Blues Music

From the Deep South to Chicago, How Blues Music Shaped the Lives of 2 Japanese Men

"We have to get different ideas, different cultures, put it together and make new music," Minoru Maruyama said.

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Blues has had an impact on generations of music lovers, and for two Japanese musicians, they said playing the blues has changed their lives.

Several blues musicians rehearsing at Blu 26 shared their story with NBC 5 as part of Asian American and Pacific Islander Heritage Month.

"I'm still learning -- trying to find a way -- what it's supposed to be," said Seiji Yuguchi. "But every time I play with someone I always have fun."

Yuguchi is from Japan but came to America hoping to learn more about the blues. He finally settled in Chicago in the late 1980s.

"I stopped by the record store. There’s a blues sign so I went like, 'what is that type of music?'" he said. "So I just picked up one of the records; there’s a Black man with a harmonica."

He has been playing the harmonica ever since and said it's not easy.

"I don’t know how to read it," Yuguchi said. "I don’t know how to write it. I just play by ears."

He learned on his own and from watching other blues musicians. He even got a chance to play with one of the greats — Billy Branch.

"I never had any music background when I was in Japan," Yuguchi said. "So playing the harmonica, this was only my instrument, and blues is [the] onlymusic I can play."

At the time Yuguchi said he didn’t know of any other Japanese musicians playing the blues, paving the way for a new generation of music lovers.

"I couldn’t find out anybody who played blues like what I wanted to hear, like Chicago style," he said.

Yuguchi is now part of a band called Win Noll and the Rockin' Souls.

"You would think that they grew up here in blues everyday as kids," said singer Win Noll. "That’s how immersed they are in the blues music and culture and the world of blues."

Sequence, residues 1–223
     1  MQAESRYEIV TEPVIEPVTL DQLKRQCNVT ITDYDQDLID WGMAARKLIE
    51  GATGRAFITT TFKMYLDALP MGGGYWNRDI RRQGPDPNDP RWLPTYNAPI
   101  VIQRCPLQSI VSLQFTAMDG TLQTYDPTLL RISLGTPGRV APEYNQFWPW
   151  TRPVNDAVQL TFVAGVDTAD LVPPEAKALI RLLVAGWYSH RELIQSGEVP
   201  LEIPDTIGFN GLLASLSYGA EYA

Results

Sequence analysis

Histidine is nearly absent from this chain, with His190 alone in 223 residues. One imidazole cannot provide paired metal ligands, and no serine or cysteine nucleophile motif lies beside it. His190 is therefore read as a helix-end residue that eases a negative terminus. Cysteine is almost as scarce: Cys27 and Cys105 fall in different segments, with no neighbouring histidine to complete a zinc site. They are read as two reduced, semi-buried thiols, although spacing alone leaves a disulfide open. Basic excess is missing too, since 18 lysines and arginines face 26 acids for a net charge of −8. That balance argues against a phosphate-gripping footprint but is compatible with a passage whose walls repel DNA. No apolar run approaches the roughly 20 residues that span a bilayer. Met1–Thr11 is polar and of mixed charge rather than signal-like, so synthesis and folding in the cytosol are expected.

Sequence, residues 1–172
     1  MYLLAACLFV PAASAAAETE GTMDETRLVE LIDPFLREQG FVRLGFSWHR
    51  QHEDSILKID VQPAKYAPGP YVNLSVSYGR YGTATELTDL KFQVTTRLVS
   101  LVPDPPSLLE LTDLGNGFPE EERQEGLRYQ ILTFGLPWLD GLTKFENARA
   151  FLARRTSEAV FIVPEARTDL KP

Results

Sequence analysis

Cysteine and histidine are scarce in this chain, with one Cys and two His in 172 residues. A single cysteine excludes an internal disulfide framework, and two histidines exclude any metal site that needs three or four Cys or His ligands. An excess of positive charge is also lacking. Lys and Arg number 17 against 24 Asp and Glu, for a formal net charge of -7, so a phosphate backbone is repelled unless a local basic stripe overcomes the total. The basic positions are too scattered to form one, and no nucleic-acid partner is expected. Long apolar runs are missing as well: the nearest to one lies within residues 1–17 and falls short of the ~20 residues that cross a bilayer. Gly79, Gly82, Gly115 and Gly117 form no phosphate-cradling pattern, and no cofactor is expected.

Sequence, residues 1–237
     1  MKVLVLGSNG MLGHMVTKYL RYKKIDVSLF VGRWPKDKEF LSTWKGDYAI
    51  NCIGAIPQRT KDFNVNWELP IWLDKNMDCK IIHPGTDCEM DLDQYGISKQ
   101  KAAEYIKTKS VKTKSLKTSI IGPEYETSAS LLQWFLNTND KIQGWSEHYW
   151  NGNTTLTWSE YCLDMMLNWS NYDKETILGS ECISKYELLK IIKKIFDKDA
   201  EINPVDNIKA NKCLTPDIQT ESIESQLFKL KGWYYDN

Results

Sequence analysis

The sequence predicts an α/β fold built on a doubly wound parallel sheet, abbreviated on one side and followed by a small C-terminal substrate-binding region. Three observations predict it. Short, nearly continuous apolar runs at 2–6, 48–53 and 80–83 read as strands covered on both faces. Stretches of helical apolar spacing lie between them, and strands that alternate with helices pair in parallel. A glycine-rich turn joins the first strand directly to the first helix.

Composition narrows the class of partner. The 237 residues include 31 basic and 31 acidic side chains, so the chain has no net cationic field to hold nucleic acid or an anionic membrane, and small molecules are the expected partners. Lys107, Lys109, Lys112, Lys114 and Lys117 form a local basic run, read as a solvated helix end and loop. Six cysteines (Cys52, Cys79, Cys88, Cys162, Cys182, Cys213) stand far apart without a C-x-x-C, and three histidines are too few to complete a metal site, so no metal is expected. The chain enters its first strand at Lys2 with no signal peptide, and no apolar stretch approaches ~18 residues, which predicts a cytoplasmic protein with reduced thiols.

Performing on stage with them is guitarist Minoru Maruyama.

"I can feel it. I used to play rock music and hard rock—they’re good music," he said. "But blues I can feel more naturally."

Maruyama is also from Japan and fell in love with the blues in high school.

"In Japan I’m from a very small town," said Maruyama. "I didn’t have any information about the blues or Jazz music."

He came to Chicago thinking he was going to land his dream job.

"I thought I was going to work for the blues club, but he was actually looking for a sushi chef," he laughed. "So I became a sushi chef for a few years."

By night he was playing the guitar and would soon run into other Japanese musicians with the same passion for the blues.

"I came here, I met a lot of Japanese guys who likes the blues, who play the blues like Wabi and other guitar players, a lot of harmonica players," he said.

Maruyama said the genre has changed over the years and now in Japan you won’t have a hard time finding a blues club.

"We have to change now; Japanese playing blues, that's a good sign I think," he said. "We have to get different ideas, different cultures, put it together and make new music."

Win Noll and the Rockin' Souls will perform at Johnny Blitz at 8 p.m. Saturday in Westmont.

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